ST. PETERSBURG — The days of a half-dozen Rottweilers standing guard at the bungalow are over. Alfredo Panier, 66, has at last been persuaded to sell his house to the city.
Many of his Dome Industrial Park neighbors sold years ago. On his block at Eighth Avenue S and 23rd Street, next to the roar of Interstate 275, just three parcels remain private — on the city's to-do list.
It has been a decade since the city won federal loans and grants that formed the backbone of a $7.5 million project to attract 600 jobs to Midtown's industrial core near I-275.
At the time, officials said land would be purchased in 15 months, and the project booming with private investment within three years.
Instead, a 21-acre pilot site was sold in 2007 to the Department of Labor for a public Job Corps training center — yet to open — while a second attempt to collect land to lure private employers creaks slowly onward.
"One day you think you're done, then you start all over," said Bruce Grimes, real estate director for the city.
The purchase of Panier's house was one more complicated deal in a redevelopment process bedeviled with details.
The idea is simple. Buy up small parcels with old, sometimes dilapidated buildings and narrow brick roads. Knock down the old stuff and upgrade with wide streets and industrial-strength water, sewer and lighting. Welcome big employers with sweet deals on freshly assembled property, plus a smorgasbord of incentives, and watch jobs and the tax base grow.
In practice, the city labored to attract private investment to its 21-acre pilot site, and it grappled with people like Panier.
After the city sold the initial acres for $2.25 million to the federal government instead of a private employer, it had to start over to attract industry. It identified 39 nearby parcels that might be assembled into big enough plots.
Officials sent letters to Panier and his neighbors. Sale of their property would be voluntary — so said the rules that came with the federal money. Eminent domain, much faster, is also more costly, in court battles and in goodwill. More than 20 parcel owners sold, costing the project nearly $4 million — more than $1 million of that from the city's general fund.
Panier, however, had lived in his house four decades. He could tell you about the teachers and doctors who used to live up the way and the drug dealers who replaced them. His buildings had their own history: a bungalow out front was built in 1925, the concrete-block apartment out back in 1957. It wasn't until the early 1980s that I-275 carved through the neighborhood.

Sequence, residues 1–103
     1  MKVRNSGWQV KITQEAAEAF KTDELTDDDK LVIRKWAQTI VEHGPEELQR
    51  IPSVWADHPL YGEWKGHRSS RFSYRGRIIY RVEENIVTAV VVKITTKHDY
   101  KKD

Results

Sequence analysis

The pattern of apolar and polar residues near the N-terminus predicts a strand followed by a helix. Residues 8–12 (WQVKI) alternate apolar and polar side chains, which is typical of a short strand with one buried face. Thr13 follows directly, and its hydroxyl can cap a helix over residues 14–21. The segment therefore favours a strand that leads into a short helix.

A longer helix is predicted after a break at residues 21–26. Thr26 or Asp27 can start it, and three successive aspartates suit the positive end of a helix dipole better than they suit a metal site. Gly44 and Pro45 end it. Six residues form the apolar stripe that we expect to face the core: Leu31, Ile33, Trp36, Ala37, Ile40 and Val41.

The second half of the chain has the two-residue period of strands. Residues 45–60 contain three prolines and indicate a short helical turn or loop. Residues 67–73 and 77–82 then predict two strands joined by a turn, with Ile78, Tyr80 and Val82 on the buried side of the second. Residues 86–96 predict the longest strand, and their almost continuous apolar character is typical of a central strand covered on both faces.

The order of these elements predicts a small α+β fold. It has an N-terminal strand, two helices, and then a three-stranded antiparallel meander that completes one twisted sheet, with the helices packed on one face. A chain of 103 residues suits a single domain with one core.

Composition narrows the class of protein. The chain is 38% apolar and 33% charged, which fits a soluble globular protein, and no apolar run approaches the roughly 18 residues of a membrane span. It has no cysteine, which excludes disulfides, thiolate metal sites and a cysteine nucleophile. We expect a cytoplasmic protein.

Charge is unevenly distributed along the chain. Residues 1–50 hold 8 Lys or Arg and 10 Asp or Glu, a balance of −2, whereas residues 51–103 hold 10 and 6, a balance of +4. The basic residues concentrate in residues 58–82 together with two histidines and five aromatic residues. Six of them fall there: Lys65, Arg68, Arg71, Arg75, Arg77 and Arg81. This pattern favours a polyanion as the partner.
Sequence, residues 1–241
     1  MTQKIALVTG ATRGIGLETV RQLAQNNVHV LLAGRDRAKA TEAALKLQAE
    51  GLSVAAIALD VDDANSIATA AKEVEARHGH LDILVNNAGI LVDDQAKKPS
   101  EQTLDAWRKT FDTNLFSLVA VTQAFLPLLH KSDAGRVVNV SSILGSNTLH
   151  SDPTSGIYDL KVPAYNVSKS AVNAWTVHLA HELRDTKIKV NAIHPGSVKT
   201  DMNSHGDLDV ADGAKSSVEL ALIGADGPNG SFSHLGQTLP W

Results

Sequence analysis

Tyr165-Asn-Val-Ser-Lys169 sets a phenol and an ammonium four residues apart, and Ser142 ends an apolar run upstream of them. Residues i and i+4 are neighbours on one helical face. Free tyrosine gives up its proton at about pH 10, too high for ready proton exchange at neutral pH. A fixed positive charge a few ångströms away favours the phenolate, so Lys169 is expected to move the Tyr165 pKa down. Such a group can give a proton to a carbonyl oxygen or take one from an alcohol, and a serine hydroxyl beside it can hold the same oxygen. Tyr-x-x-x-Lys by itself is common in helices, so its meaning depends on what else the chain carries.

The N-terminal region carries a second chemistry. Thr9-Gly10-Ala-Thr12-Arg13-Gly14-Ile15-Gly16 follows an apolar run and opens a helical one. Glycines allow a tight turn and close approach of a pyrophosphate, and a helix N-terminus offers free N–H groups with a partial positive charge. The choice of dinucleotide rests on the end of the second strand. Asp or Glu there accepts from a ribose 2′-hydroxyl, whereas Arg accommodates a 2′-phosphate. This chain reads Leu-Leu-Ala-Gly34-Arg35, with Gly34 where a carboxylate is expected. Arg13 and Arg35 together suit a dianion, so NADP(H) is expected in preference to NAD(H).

So, sure, the house shook when a heavy truck boom-boom-boomed on the highway. Sure, the buildings were a bit "raggedy" after all these years. But the value of the place put his tax bill at zero. It was cheap, and it was home.
But as time wore on, the city's offers crept up. By the time it hit $150,000, Panier had seen another home that interested him.
He signed the paperwork in front of his house in December. Parcel 29 now belongs to the city.
But more than a month later, his rusty Impala still sits outside the bungalow. A trailer, yard equipment and debris surround the concrete-block apartment out back, some that's his, some that belongs to his brother Frank.
Frank Panier, 56, was another issue altogether. His brother had signed a document saying he lived on the property alone. But as city officials tell it, a few days after the sale, Frank showed up. His driver's license and other records showed he had been living at the address. So the city will also pay more than $7,000 to get him into an apartment. He still needs to move his stuff.
Because the buildings will simply be knocked down, Grimes has offered the pair until the middle of this month to clear out.
Three of Panier's former neighbors still won't sell. Donna Morgan, 46, lives with her 71-year-old father, James Morgan, in a tidy blue bungalow. Like Panier, James Morgan has lived there for decades. Donna Morgan says she moved in about five years ago to help out after her grandfather died.
She's not sure if city officials drop by — she works 80 hours a week in two jobs, as a dry cleaner and a housekeeper. But she says her father won't move. Why uproot now, at his age?
Especially when it's hard for her to see the benefits of work by city officials.
"They'll start something, but they don't finish," she said.
The Job Corps center was to employ some of her friends, but the Department of Labor's latest estimate for its opening is June. It's supposed to have jobs for 120, not the 600 industrial positions once planned.
Off Panier's block, other Dome Industrial Park parcel owners also hold out. Grimes and his staff wonder if demolishing buildings now owned by the city will remind them that change is coming.
"Things really do happen," Grimes said. "They may not happen on somebody's time frame, but they do happen."
Times researcher Shirl Kennedy contributed to this report. Becky Bowers can be reached at firstname.lastname@example.org or (727) 893-8859.